Turns out there are plenty of benefits of taking 15 to 20 minutes to eat your meals.
First off eating should be enjoyed. Instead of thinking you only feed yourself to keep yourself alive think that you are eating to nourish yourself.
Second, when you thoroughly chew your food you’re helping your body break down the food so that it can be fully digested and the nutrition extracted for your health and wellbeing.
Third, the slower you eat the more time you allow your hunger hormone gherlin to decrease, sending a signal to the brain that your stomach is full and you are fed.
Eating slower prevents overeating unnecessary calories. So enjoy your food and really experience the flavors and textures it offers your mouth by eating slowly.
Eat a meal before you get there
I often find myself at networking/holiday events eating a lot more than I intended even if the food was not that great or it was not something I would even buy. But because I was starving by the time I arrived at the event I found myself going back for seconds!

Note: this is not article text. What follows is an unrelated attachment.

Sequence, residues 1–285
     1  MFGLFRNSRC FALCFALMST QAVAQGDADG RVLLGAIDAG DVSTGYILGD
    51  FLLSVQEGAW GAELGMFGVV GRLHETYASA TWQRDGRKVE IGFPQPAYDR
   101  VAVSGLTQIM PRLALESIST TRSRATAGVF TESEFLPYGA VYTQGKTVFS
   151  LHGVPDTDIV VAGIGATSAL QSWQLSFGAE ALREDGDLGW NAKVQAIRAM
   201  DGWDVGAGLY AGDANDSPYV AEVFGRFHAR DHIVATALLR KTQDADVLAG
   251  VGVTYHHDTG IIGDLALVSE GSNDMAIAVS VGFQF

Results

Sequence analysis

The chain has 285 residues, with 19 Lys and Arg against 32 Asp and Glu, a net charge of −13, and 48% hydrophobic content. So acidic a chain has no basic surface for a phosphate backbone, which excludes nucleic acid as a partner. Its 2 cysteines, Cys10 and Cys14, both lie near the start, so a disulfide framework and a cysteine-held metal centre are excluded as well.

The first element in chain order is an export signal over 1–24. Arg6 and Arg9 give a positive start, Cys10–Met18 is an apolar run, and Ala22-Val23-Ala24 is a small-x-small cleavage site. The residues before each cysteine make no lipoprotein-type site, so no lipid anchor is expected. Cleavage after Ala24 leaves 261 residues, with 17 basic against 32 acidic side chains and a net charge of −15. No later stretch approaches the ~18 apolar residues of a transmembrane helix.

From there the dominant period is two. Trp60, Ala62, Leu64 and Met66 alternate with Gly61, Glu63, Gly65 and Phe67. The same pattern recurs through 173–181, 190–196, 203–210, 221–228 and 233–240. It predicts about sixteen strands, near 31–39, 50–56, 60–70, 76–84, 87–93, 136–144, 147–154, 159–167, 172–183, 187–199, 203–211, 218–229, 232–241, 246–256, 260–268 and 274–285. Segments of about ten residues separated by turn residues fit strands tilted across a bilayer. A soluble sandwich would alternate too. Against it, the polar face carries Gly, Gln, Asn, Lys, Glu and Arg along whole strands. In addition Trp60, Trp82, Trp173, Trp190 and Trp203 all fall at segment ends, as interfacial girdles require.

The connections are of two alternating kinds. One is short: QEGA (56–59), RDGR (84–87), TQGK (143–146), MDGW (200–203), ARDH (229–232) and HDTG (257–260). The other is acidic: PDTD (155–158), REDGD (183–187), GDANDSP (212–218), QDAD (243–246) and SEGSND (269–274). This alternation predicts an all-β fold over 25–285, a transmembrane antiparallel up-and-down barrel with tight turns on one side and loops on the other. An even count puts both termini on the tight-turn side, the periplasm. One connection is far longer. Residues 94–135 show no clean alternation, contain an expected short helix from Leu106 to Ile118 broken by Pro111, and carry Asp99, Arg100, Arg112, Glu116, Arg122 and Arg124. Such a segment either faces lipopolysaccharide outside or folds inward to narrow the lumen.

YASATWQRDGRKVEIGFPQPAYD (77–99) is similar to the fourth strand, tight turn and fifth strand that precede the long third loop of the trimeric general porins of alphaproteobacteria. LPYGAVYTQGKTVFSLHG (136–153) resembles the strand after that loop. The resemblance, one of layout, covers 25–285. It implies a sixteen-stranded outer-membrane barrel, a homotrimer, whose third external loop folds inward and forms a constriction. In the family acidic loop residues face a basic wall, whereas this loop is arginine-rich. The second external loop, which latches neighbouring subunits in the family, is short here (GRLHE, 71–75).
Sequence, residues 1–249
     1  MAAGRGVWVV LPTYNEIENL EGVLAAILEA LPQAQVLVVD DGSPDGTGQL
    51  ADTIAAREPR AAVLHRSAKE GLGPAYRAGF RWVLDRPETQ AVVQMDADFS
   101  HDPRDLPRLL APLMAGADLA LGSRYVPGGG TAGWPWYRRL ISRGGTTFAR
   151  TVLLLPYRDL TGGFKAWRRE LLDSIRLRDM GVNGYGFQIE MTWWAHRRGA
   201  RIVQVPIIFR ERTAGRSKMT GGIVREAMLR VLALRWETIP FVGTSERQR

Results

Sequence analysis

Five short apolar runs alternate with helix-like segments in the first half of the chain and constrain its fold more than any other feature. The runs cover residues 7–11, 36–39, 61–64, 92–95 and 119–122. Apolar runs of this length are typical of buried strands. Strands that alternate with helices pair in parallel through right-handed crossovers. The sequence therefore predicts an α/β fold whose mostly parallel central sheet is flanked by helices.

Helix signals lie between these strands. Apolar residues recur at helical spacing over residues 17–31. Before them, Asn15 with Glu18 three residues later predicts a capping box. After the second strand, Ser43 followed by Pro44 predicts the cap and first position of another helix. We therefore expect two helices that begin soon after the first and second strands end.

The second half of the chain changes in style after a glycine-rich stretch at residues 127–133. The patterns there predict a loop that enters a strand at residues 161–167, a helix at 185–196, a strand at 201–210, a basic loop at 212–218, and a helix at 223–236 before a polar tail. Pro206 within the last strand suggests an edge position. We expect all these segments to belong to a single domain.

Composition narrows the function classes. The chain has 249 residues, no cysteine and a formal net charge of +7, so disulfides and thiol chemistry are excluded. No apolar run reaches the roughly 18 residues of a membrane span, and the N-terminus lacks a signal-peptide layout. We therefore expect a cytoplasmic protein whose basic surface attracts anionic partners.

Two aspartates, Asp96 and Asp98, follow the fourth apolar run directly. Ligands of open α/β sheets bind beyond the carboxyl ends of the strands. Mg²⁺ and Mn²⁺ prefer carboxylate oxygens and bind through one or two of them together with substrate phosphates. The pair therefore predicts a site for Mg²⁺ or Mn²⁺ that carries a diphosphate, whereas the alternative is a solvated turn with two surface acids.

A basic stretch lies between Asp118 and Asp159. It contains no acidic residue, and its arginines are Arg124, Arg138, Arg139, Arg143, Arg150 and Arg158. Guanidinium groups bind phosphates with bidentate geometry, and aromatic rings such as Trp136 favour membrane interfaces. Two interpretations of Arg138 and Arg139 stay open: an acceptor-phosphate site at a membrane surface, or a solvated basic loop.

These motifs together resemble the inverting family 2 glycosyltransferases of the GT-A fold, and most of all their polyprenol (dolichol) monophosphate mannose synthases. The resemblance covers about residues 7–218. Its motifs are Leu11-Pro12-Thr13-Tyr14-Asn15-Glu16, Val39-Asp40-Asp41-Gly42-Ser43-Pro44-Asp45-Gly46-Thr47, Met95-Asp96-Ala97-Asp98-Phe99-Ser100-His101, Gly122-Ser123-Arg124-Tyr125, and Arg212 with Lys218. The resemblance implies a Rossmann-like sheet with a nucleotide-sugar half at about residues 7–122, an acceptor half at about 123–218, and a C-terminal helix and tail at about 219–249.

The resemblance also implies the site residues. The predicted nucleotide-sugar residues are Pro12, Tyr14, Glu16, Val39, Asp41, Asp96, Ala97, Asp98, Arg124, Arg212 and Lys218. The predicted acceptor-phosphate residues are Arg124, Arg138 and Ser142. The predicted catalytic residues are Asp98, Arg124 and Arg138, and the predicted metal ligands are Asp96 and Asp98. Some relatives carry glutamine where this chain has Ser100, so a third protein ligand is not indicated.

The take home lesson that I learned to prevent myself from eating unwanted food when I was at any event was simply to eat at home beforehand. I would eat my protein and vegetables to make sure I got my nutrition in then when I arrived at the event I wouldn’t be so prone to eating crappy food or if I did (and let’s face it, I’m human so I do it sometimes!) I wouldn’t eat as much of it.
If you want to prevent the proverbial weight gain that happens around this time of the year do a hunger check in before you go. If you’re ravenous go eat a healthy meal with lots of lean protein then go to the holiday party or gala. This will prevent you from loading up your plate with unhealthy calorie dense foods that don’t fill you up.
Out of sight, out of mind
Don’t hang out around the food. Go across the room and mingle on the otherside away from the food table. This way temptation won’t be knocking on your door every second and you won’t be triggered to have another bite or another piece of something.
People underestimate how much of a role your environment plays in dictating your behavior. Instead of using limited willpower to resist having seconds or do more snacking just remove yourself so that it becomes harder to perform that behavior.